In looking at the role of etiquette in all of these various instances we see a common thread. The observance of certain practices and customs allows a person to interact smoothly within a given area of society. On the other hand, breaches of etiquette can produce sanctions against the individual which, in extreme cases, may result in the deprivation of life or liberty.

In this day and age, many eschew the practice of good manners believing such behavior to be unnecessary, empty, and downright old-fashioned. I think such people have not been taught the origin and function of the expected behavior and therefore cannot rationally relate it to any useful social purpose. We might instinctively grasp the necessity of observing certain societal rules of behavior, but are at a loss to explain the mechanism of how etiquette functions as the grease of the social engine.


I think that one way of understanding etiquette can be gleaned from a martial arts analogy. Take the concept of maai. Maai is the distance or combative interval between two opponents. Choosing and maintaining the correct maai is the key to a successful attack or defense. Failure to adopt a correct maai results in injury or death. Through the forms of etiquette the metaphorical maai of all concerned parties is defined and maintained during the course of their interaction. A safe distance is achieved thus leading to a predictible outcome: the preservation of social order. A lapse in the observance of the expected behavior produces a shift in this psychological spacing. One party finds his space violated and feels a need to take retaliatory measures. The threatened person may then bring to bear the powers of sanction of the group to punish the violator. Viewed in this way, etiquette is closely related to the notion of territoriality in a behavioral context.

Gradually with the passage of time, customs and manners change to reflect the shifting values of a society. With the decline in morality characteristic of our age, I think that we will eventually reach a point where new forms of behavior are routinely adopted which no longer serve the purpose of maintaining social order and the preservation of individual well-being. I refer to such trends as the breakdown of the family unit, religious values, and general standards of morality we find occurring all around us. Perhaps, this is one of the forces behind the nostalgia for an earlier age where the notions of right and wrong and proper etiquette seemed clearer and more simple.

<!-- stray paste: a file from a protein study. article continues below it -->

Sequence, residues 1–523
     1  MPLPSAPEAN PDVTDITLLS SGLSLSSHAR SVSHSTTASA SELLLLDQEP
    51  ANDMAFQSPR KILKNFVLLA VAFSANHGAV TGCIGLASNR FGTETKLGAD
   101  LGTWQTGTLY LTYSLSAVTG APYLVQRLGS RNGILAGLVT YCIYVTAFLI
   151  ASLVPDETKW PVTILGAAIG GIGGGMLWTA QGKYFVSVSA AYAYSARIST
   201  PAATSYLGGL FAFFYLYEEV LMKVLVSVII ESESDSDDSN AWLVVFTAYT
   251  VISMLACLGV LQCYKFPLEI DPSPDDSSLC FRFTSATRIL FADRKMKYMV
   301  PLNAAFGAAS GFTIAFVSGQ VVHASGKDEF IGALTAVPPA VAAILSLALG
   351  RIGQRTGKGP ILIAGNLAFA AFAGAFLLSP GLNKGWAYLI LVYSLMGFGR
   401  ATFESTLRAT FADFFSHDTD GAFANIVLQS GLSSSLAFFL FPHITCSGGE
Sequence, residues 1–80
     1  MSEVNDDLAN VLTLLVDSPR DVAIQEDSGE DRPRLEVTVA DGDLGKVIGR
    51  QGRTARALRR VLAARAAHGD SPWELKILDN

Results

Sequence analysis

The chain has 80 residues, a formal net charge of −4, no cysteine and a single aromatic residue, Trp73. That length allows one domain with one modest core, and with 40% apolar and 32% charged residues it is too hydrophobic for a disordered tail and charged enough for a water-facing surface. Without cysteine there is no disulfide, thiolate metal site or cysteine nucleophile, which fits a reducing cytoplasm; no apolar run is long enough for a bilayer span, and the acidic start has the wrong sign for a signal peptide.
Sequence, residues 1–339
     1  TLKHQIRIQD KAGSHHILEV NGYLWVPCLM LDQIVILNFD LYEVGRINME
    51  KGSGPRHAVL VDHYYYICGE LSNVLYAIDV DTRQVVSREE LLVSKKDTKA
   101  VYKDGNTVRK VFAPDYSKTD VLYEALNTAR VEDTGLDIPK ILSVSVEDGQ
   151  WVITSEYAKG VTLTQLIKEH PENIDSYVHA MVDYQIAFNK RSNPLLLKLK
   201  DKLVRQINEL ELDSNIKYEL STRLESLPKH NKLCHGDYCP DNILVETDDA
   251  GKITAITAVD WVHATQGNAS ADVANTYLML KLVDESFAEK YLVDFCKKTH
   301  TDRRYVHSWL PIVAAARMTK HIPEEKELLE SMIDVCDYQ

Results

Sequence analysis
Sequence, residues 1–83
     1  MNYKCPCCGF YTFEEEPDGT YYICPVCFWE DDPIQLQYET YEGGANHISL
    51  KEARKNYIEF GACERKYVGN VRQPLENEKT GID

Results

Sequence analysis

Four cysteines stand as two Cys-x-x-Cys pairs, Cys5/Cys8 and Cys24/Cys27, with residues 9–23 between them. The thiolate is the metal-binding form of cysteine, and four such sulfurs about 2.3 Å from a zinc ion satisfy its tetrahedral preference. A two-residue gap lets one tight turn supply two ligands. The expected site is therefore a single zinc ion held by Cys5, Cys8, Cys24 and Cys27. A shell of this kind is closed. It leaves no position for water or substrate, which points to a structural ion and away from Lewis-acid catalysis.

• I remember reading one of O’Sensei’s doka, translated by John Stevens Sensei. This was at least a decade ago, and I don’t remember it totally. O’Sensei said something about Aikido being the art of politics. That word, amidst all his wonderful thoughts, made me think of phoniness and baby-kissing. So I was initially taken aback. Reading this piece in its entirety soon might help me understand just what the Founder and Stevens Sensei mean.

  • This is a lot to think about. First I would like to address the military salute. I did ROTC during my first semester of college. At one time, a POC (Professional Officer Corps) who had already been to camp and signed a contract with the military, told a few of us that the reason we salute at a downward angle instead of upward like other countries is that the U.S. has never surrendered in a war. This was the only time I have heard that, so I’m not sure of its validity. I can’t recall all the terms, but my “group” leader, also a POC, walked toward me on campus. We were both in uniform, and I had my backpack over my left shoulder with a purpose. Amidst a group of other students in casual apparel, I saluted him, we both said each other’s names as “Mr.[last name].” When I passed by him, I lowered my hand. I didn’t analyze it much, but it felt really good to communicate such mutual respect.

    As far as bowing, some Westerners get a little freaked out by that. Watching a Muslim in America take time out of his or her workday to face Mecca and bow repeatedly is an act of worship. There can be confusion in other countries in what the Japanese do as a form of respect, often like a handshake or a daps fist pump. You were quite comprehensive about the significance of the respect-bow, Pranin Sensei, but I would like to add one thing. I would usually enjoy a sincere bow to a fellow student or Sensei because of the mutual respect and everything you mentioned, but also because it would restore my beginner-mind at times when I felt I knew more than I did.

    Familiarity can breed contempt, but it can conversely breed content. Deep insight into one’s situation, instead of thinking with only the heart, the metaphorical organ that Vladimir Nabokov proclaimed “a foolish thinker,” often leads to the realization of the danger of taking great things for granted.

    Comfortable ma-ai for a person raised in America is different for someone raised elsewhere. For example, Latinos tend to feel comfortable much in much closer proximity to others than most Americans of European descent. Most Americans need their three feet of space. I believe Aikido training with so many strangers has narrowed my radius of comfort to a degree.

    I will leave this with a cookie fortune from a Chinese restaurant that I have been carrying in my wallet for a few years now:

    “Even as the cell is the unit of the organic body, so the family is the unit of society.”

    Lucky numbers: 2,46,5,18,4,38